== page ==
45 ACP also no problem.

Next up the chain, in my opinion, at least, is 45 ACP. Despite being a subsonic round by nature, the old slab sides pills are notorious for penetration. 230 grains of mass will do that. We only had ball available, but the Switchblade stopped this in its tracks as well.

40 S&W

40 cal projectiles with kevlar strings.

While as a 10mm cultist I do believe the S&W stands for Slow & Weak, it does put up more impressive numbers than either 9 or 45 for breaking things. Running with what I had on hand, we opted for 165 grain Hornady Critical Defense. Despite being a 165-grain bullet moving 1175 feet per second, the Switchblade said “None Shall Pass.”

10mm

10mm Gold Dot, second attempt.

And then the problems began. Which as a 10mm cultist also made me smile, even if it meant my review was failing. I selected two rounds for this test because 10mm is the upper power floor for handguns I have in inventory. First was a Gold Dot 200 grain, and the second was a Buffalo Bore 180 grain. Now the Gold Dot I can justify in any armor test, as it is a fairly common round. Buffalo Bore, not so much. Buffalo Bore’s claim to fame is that they make ammo with PUNCH. The company motto in fact is “Strictly Business”. If you want some easy on the wrist plinking ammo, you go somewhere else. If your handgun might need to stop a Grizzly or a Buffalo, this is the only thing you buy.

Kevlar shredding under our onslaught.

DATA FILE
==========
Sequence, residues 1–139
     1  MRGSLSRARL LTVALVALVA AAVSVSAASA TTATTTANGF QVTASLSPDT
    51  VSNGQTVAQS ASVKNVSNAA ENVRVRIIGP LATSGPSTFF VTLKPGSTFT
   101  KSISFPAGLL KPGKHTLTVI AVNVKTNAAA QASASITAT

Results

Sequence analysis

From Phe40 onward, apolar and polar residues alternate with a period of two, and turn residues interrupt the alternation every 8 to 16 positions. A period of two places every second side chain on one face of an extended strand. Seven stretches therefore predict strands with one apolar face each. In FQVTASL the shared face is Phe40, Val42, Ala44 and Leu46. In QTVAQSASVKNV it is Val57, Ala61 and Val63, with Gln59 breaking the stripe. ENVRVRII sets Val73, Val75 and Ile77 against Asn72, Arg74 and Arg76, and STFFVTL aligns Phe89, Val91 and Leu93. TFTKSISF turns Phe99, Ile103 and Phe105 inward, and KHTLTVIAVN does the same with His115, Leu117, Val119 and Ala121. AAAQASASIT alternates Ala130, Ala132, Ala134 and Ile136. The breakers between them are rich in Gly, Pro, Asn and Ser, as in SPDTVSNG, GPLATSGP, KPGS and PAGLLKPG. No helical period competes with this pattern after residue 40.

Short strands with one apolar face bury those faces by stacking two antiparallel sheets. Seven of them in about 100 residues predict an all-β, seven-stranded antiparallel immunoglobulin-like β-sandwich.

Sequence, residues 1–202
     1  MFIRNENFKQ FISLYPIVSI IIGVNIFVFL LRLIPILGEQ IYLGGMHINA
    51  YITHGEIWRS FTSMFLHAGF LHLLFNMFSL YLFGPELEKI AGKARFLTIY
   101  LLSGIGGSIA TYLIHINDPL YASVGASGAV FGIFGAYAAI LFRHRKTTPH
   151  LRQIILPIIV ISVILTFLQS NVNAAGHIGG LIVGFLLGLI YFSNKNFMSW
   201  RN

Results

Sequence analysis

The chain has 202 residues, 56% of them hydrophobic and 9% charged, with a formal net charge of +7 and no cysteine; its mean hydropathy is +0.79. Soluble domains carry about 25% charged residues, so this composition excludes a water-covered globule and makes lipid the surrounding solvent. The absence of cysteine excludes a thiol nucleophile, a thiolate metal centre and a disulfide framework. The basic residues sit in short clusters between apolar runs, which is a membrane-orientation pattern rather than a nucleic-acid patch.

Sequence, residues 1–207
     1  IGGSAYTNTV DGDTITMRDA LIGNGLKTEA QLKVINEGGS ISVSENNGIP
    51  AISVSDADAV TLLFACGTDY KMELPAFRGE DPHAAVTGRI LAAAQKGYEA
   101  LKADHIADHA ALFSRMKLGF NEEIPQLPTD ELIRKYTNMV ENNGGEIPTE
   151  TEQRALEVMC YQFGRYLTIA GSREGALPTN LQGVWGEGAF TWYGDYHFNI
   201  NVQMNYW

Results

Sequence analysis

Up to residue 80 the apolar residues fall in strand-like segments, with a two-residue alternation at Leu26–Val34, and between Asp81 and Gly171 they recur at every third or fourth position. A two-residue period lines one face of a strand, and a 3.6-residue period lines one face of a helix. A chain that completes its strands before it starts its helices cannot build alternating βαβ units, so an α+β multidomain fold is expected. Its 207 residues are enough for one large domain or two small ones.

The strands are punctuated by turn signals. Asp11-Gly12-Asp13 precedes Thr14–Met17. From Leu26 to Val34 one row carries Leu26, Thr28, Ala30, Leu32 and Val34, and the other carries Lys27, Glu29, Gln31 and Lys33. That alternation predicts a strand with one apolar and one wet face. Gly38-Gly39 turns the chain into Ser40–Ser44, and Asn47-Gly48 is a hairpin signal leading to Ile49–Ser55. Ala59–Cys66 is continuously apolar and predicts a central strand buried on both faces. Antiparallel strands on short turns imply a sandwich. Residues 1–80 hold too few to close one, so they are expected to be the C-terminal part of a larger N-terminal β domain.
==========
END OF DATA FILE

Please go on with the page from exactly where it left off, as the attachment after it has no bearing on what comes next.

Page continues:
What I expected to happen was for the armor to stop the Gold Dot, and maybe not the Buffalo Bore, which we could all have a laugh about. Because the odds of a bad guy having $1.50 per round Buffalo Bore on tap is about 0.00%. But what happened instead is that both my 10mm rounds punched through the armor like a hot knife through butter. Uh-oh!

Bullet fragments a couple of layers deep.

Now I do like breaking things, but I also only get the good feels if it was a fair test. A quick look at the panel showed that I put the 10mm rounds in proximity to where I had put everything else. Not to mention, our panel had some abuse prior to us. Armor, not shockingly, degrades as it is hit. Previously tightly woven Kevlar starts coming apart, which is to be expected. Even “bulletproof glass” is only bulletproof for so many rounds. Or ceramic plate armor for that matter. When I was wearing the most advanced ceramic multi-hit armor on planet Earth, it was still only good for 3x 30.06 AP (or 7.62x54R AP). So we shouldn’t really expect any soft armor to take a full mag of bullets.

Second attempt, Buffalo Bore exploded, and was stopped.

In the interest of fairness, I put the Buffalo Bore up again, this time in a corner section that had not been hit previously. And while it did mushroom the Kevlar out the back in an impressive display of kinetic energy, it did stop the bullet. Which is impressive.

All in all, this is an impressive piece of gear. At a very minimal weight, you get what could be a lifesaving back panel. At the very least, a chance to turn and fight if things get really dicey. And it is wrapped in an eminently useful Eberlestock pack, a big bonus. If you are looking for a get home bag, this is one that should certainly be on your radar.

For more information visit Eberlestock website.